5 Steps to Post-Career Fair Success

So you just killed it at the Career Fair and you’re super excited about possible job and internship experiences coming your way. Want to make an even bigger impact on those employers? Follow up!

 

  1. Send a thank-you: Most people aren’t going to follow up with an employer after the career fair. Sending them an email thanking them for their time reinforces for the employer how interested you are in the position and it may push you ahead of other candidates. So don’t forget to ask for a business card at the career fair so you’ll have their information.

 

  1. Show Passion: When crafting your follow-up email, you don’t want to be fake. Recruiters interact with students all the time, so they can tell when someone is genuinely interested in their company versus when they’ve sent the same email to dozens of other employers. You want to show them that you have a passion for their company and that specific job, not that you’ll take any job you can get! Try to site something specific that you discussed during the career fair to show your interest and to also remind them of who you are. They will appreciate that you took time to follow up with a meaningful email rather than wasting their time.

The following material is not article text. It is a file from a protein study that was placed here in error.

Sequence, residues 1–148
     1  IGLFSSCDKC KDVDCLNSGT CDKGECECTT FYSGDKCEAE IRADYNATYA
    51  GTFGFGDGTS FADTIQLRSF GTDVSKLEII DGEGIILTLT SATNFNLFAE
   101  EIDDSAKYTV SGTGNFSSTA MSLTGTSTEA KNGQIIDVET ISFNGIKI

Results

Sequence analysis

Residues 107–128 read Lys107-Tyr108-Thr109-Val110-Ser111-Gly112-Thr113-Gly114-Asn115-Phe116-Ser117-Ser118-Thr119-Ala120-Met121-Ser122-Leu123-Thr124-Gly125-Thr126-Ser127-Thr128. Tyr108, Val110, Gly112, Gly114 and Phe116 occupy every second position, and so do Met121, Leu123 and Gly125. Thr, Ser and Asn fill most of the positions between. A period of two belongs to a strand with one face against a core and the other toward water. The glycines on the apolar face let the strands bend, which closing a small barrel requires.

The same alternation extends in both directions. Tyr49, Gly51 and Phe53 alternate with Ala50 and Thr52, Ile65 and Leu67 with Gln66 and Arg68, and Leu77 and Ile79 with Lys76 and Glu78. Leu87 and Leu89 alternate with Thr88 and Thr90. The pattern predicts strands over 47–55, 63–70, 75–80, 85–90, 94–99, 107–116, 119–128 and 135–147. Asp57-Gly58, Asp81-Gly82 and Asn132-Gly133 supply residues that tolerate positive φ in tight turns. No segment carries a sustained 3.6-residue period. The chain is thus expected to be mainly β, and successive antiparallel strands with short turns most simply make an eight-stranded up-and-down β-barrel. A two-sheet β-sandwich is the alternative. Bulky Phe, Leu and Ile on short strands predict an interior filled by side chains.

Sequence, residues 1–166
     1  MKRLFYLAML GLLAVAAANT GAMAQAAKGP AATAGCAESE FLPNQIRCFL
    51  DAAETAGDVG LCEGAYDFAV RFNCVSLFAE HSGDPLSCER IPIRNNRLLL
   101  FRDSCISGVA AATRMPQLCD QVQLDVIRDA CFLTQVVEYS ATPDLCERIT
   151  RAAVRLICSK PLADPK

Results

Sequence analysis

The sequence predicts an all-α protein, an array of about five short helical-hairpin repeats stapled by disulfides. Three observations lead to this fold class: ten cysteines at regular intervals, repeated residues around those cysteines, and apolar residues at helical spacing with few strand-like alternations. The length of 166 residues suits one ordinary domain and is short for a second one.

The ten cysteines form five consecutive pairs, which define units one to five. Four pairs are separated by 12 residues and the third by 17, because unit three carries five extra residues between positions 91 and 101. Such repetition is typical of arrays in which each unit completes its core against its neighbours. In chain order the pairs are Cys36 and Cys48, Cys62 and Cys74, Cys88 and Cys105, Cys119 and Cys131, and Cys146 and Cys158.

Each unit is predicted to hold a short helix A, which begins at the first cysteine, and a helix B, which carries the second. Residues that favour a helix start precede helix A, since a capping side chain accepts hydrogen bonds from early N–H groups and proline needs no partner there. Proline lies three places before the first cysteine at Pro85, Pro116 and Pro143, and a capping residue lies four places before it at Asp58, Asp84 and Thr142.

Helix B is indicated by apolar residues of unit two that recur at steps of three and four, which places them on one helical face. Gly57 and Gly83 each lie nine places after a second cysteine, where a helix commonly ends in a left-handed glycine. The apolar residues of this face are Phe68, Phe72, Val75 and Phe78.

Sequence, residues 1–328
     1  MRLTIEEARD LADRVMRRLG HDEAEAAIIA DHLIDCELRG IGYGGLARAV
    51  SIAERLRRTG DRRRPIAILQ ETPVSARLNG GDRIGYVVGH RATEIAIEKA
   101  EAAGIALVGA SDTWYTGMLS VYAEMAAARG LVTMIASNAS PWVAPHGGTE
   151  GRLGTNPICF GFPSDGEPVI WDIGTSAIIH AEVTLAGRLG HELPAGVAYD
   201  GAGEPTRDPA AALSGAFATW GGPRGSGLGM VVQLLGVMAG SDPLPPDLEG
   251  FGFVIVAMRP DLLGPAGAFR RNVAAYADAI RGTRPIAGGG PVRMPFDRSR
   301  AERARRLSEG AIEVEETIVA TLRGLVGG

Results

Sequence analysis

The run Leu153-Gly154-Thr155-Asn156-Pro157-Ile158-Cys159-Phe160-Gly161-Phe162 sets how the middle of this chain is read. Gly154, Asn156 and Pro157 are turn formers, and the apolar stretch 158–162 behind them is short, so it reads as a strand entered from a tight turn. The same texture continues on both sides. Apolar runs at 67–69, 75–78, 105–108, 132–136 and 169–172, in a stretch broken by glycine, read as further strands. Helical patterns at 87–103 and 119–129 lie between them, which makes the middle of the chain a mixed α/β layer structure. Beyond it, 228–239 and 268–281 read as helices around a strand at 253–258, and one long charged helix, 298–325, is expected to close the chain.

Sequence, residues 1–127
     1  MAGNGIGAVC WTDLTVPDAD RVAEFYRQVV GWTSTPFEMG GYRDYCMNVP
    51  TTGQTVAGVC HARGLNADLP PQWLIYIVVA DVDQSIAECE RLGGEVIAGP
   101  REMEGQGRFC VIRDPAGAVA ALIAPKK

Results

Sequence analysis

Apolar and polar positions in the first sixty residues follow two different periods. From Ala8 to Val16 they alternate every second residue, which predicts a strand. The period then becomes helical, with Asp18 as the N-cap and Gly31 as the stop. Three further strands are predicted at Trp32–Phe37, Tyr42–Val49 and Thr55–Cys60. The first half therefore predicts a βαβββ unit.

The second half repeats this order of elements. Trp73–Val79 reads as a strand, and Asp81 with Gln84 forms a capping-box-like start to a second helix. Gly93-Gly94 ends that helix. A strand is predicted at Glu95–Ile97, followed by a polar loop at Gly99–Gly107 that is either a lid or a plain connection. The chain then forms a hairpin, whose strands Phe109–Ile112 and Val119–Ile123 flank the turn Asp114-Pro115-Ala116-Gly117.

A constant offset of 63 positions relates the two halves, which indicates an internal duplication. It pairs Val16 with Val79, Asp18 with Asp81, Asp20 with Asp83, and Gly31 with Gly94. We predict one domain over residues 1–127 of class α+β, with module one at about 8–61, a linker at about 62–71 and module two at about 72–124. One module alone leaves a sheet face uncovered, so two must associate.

1. Follow Directions: If the recruiter gave you instructions to apply online to a position or to contact another recruiter, make sure to do that! This is another step that shows how serious you are about that organization and position.

 

  1. Be Prompt: Recruiters start sorting through résumés very soon after a career fair, so following-up early is important so they don’t forget about you! You should send your email 24-48 hours after the career fair. This shows ambition and passion for the position, the earlier the better!

 

  1. Check your grammar: Even the most beautifully worded email will look juvenile if it is filled with grammatical errors! Make sure to triple check your email before your send it. You don’t want to undo a great impression at the career fair with a simple spelling mistake.